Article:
I like fairs. They make fall a happy time. They make you forget that you have to leave summer behind and prepare for the dark, freezing winter. They make you think of another time, when fall was indeed a time of celebration of the harvest, when winters were not that bad because they meant an all deserved rest from the work in the fields. Winter meant vacation and holidays.

Nowadays the fall fairs don’t carry so much meaning. But that doesn’t stop me from enjoying them to the fullest. I love looking at crafts that talented people bring in. I now discovered I love to eat caramel popcorn.

I have to say that the display of crafty creations is the best thing by far. I don’t always buy something from fairs, but when I do, it’s always been a thing that I value and appreciate for ever.

The first thing I ever bought from a craft fair, after moving to the United States, was a small soap dispenser bottle, beautifully hand-painted with a field of flowers. It is still something that makes me smile at times, when I see it in the bathroom.

The latest thing that I bought was a doll, from the Wachusett Apple Fest. It’s of course, a hand-made doll. I realize now that I never took a business card from the wonderful woman that makes them. I should have. It is a wonderful square headed chocolaty doll, that my daughter loves. She has been named Sarah. She is part of the school my daughter is running in our living room, which includes three students: Sarah and her best friends Lila and Mimi, all attending class every day, even on holidays.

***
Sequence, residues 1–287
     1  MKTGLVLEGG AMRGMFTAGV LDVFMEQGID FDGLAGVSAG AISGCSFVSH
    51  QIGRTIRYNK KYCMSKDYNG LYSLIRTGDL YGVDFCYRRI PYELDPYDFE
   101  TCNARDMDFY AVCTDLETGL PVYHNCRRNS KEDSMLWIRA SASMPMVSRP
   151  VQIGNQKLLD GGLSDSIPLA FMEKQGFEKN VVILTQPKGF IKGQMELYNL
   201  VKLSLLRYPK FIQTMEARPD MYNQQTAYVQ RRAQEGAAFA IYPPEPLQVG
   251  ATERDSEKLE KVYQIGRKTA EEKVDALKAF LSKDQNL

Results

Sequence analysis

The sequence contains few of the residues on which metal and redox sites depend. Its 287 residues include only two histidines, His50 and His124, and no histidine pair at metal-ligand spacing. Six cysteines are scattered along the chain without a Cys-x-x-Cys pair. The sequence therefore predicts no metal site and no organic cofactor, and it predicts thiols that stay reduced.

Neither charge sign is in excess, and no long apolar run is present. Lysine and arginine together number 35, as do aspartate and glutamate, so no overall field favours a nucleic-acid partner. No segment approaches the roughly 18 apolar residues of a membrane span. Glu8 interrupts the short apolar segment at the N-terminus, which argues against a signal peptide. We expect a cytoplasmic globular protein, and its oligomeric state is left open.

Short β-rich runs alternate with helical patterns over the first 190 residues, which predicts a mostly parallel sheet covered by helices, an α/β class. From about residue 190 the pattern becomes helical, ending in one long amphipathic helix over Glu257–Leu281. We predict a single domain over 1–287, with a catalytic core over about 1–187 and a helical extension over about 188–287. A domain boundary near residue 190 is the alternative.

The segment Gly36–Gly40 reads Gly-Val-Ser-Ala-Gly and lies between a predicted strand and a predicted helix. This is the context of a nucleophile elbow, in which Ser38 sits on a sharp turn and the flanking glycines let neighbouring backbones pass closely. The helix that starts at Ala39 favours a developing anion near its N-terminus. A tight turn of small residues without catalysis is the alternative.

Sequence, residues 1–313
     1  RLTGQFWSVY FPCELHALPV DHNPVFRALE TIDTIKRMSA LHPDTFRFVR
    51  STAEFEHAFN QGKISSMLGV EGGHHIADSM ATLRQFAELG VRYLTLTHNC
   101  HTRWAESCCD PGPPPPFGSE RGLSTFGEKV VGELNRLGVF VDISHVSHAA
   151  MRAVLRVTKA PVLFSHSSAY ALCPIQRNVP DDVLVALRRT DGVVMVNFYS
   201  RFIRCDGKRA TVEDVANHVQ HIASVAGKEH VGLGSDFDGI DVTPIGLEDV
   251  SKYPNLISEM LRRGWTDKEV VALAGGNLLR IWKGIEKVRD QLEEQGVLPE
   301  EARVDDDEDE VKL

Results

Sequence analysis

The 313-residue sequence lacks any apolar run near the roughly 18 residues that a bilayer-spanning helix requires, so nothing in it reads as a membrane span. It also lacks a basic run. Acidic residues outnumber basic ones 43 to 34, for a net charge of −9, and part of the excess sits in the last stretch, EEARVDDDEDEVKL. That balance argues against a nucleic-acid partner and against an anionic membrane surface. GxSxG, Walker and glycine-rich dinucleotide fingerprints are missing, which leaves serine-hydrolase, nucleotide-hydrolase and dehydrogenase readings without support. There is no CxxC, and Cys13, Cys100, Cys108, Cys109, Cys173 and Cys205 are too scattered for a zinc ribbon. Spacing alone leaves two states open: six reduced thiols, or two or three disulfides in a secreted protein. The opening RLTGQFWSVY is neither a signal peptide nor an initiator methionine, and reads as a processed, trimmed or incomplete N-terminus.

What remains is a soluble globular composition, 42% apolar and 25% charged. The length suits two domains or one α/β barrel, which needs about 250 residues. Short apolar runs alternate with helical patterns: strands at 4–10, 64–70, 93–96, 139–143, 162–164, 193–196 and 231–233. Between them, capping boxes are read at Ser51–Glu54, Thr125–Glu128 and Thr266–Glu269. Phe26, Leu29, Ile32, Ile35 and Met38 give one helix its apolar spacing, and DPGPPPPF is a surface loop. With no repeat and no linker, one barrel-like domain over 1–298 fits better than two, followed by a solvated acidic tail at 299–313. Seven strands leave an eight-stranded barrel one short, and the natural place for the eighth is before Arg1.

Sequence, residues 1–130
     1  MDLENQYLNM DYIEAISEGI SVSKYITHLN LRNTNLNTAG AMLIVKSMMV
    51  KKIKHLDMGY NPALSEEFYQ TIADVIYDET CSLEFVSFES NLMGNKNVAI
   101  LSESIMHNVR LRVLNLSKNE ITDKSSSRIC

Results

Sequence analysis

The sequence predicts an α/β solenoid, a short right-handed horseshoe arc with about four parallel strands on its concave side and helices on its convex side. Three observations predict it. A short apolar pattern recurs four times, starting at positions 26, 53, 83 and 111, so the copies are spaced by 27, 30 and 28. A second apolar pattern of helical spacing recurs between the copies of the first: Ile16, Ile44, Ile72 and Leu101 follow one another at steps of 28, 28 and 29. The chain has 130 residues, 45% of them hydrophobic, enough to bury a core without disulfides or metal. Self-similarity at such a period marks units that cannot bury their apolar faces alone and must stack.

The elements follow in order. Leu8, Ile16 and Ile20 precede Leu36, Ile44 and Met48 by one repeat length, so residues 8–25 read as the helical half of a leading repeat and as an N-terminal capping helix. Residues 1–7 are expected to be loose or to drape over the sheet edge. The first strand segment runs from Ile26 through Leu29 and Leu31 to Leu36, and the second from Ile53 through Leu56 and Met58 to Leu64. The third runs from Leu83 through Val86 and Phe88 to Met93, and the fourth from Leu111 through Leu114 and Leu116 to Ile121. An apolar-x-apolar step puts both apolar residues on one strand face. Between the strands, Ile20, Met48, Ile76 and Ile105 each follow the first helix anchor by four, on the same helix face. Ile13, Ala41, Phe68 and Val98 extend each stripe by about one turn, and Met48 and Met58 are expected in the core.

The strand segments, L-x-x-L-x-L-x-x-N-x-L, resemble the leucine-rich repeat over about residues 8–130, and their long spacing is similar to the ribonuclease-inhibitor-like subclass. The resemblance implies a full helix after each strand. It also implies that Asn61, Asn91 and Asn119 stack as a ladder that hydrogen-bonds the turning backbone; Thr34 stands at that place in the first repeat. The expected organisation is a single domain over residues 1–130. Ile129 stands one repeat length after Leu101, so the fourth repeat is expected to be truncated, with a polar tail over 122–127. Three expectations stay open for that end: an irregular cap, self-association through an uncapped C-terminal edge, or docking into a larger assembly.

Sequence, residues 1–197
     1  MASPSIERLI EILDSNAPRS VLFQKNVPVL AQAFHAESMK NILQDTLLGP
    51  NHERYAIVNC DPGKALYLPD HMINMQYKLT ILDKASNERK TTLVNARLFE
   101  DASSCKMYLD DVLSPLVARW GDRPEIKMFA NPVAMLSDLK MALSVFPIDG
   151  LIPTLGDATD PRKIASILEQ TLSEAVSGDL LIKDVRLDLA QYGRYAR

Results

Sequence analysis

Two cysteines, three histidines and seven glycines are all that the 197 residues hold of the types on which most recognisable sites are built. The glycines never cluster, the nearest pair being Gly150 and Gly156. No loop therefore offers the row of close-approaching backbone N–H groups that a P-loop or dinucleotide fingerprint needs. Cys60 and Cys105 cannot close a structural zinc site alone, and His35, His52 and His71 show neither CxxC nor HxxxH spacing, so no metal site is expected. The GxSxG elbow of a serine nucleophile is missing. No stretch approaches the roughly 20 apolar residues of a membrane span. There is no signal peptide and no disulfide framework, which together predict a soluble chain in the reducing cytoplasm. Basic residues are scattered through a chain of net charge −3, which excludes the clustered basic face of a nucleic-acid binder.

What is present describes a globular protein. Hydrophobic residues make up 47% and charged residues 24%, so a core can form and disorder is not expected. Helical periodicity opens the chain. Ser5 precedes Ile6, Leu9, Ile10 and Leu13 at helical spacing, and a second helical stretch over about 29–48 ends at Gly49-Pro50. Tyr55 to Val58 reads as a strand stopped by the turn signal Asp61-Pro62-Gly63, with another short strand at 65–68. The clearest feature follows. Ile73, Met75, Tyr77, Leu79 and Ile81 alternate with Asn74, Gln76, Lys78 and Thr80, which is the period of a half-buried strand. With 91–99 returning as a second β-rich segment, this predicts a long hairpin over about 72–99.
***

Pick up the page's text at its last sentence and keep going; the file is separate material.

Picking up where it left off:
Mimi (the one on the right) is the favorite. She was bought from a garage sale for $1. Lila (middle and top) is a doll that I made after looking at some tutorials online and reading one Waldorf doll-making book. It was a long and difficult process which I didn’t feel like repeating.

I don’t understand how the lady from the fair would sell her dolls for only 18 dollars, when I know how much work and time their making involves. Of course, the price was very attractive to me, as a buyer. Besides there were so many things out there sold for similar or much higher prices that were not even half as difficult to make as a doll. To give you just two examples – nice fabric belts made from trims that you can buy from any craft store, with a buckle attached (I would suspect 20 minutes at most to make one of those) and arthritis pillows that you can heat in the microwave (filled with rice and lentils, lavender and some other aroma therapy stuff – let’s say… 10 minutes to make one?). The doll took me a week. Sure, if you know what you are doing, it might take maybe 6-7 hours? Because let’s not forget, it is not just the doll but clothing and accessories too.

Yes, I can appreciate the effort in making a doll. And I couldn’t help but making a purchase from that lady to complete my daughter’s classroom. At other things I just looked and made a mental note – “I can make that too”. Maybe one of these days I will.

%d bloggers like this: